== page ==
Gov. Mike Pence is canceling a Bureau of Motor Vehicles contract with private license branch operator Express MVA and requesting a formal ethics investigation into a top BMV official who took a job at the company after allowing it to charge customers a “convenience fee” whose legality has been questioned.
“This Administration is committed to a government that is as good as our people,” Pence
said Monday. “After this matter was brought to my attention, I called for the contract with ExpressMVA to not be renewed when it expires in October. I also asked for an investigation by Indiana’s Inspector General to ensure that state government adheres to the highest levels of transparency and full disclosure.”
Governor Mike Pence
Those moves come in response to an Indianapolis Star investigation published last week. The Star found that former BMV Chief of Staff Shawn Walters allowed a relatively small contractor called Express MVA to open a private license branch complete with BMV-issued workstations and access to the BMV’s computer system.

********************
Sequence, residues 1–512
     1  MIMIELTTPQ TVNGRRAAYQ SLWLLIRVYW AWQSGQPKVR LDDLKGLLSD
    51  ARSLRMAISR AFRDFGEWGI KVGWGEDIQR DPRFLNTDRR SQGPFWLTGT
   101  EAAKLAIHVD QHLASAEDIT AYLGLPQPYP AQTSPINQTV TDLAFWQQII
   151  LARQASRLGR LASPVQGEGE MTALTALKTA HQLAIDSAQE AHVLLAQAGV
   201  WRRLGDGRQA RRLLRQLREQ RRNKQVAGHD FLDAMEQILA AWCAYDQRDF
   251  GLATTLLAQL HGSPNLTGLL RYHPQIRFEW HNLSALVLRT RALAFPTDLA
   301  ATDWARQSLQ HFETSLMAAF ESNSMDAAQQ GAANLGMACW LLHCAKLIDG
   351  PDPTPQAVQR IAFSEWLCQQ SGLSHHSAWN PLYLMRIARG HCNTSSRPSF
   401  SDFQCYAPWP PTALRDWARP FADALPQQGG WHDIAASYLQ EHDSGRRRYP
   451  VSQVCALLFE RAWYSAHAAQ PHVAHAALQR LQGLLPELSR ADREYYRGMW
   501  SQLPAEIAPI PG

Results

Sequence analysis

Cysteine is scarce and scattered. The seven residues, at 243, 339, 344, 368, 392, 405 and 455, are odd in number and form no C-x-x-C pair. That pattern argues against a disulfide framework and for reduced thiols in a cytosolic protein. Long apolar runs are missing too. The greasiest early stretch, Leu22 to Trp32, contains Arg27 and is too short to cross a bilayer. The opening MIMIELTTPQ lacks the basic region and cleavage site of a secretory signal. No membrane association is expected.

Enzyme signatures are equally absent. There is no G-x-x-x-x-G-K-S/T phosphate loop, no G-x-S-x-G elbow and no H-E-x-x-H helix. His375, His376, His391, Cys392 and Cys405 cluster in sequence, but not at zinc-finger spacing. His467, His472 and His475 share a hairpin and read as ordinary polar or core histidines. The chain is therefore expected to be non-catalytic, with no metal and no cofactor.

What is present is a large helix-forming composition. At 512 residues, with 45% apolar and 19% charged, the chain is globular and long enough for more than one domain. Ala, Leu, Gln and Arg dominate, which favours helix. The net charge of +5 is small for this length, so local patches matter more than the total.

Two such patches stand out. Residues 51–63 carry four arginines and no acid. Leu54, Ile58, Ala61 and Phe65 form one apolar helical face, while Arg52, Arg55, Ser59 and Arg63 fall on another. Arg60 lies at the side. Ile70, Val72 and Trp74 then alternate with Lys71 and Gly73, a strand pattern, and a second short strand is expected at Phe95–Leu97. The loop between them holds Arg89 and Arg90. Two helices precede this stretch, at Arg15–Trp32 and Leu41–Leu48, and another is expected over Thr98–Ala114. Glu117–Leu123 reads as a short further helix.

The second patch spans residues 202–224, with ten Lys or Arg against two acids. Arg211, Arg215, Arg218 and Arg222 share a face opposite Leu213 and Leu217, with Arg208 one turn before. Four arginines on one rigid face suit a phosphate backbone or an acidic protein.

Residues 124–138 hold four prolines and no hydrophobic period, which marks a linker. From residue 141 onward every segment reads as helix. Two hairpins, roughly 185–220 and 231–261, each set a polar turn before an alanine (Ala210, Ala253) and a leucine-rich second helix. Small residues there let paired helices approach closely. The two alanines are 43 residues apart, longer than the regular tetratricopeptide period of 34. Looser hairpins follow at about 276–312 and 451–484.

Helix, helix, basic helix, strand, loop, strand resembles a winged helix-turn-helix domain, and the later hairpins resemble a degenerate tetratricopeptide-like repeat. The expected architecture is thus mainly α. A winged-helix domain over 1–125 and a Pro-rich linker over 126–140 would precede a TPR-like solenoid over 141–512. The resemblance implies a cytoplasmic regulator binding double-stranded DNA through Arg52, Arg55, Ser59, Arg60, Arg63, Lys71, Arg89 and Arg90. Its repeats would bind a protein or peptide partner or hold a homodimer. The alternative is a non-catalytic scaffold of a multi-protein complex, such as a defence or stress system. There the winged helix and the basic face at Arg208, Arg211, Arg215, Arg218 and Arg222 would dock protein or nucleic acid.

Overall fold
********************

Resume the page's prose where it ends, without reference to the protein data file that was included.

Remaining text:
The arrangement cost the state no money, but allowed the company to charge customers — including auto dealerships — a so-called “convenience fee” for title and registration work traditionally provided by the BMV. Those fees can double the cost of the services and are often passed on to car buyers, who may not realize they could save money by going to a local license branch.
Walters then took a newly created executive job with Express MVA without seeking an opinion from the state’s ethics commission.
State law requires a one-year cooling-off period for employees who want to take a job with a company that does business with the state. The law is intended to prevent private companies from using lucrative jobs to entice or reward state officials who have the power to award them contracts.This BMV fiasco dates back to the administration of Governor Mitch Daniels. Unfortunately, Governor Daniels ran a very loose ship when it came to his office supervising the work of the state's administrative agencies. It is good to see Governor Pence take a more aggressive approach to his role as the state's chief administrator.